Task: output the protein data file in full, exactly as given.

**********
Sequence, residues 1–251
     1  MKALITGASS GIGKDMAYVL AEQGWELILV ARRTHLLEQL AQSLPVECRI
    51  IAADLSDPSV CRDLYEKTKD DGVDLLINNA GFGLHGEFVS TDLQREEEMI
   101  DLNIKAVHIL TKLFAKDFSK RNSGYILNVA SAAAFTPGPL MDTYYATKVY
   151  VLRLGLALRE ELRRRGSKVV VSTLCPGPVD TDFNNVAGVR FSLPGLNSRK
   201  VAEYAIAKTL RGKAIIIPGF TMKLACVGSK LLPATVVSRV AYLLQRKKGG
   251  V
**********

Sequence, residues 1–251
     1  MKALITGASS GIGKDMAYVL AEQGWELILV ARRTHLLEQL AQSLPVECRI
    51  IAADLSDPSV CRDLYEKTKD DGVDLLINNA GFGLHGEFVS TDLQREEEMI
   101  DLNIKAVHIL TKLFAKDFSK RNSGYILNVA SAAAFTPGPL MDTYYATKVY
   151  VLRLGLALRE ELRRRGSKVV VSTLCPGPVD TDFNNVAGVR FSLPGLNSRK
   201  VAEYAIAKTL RGKAIIIPGF TMKLACVGSK LLPATVVSRV AYLLQRKKGG
   251  V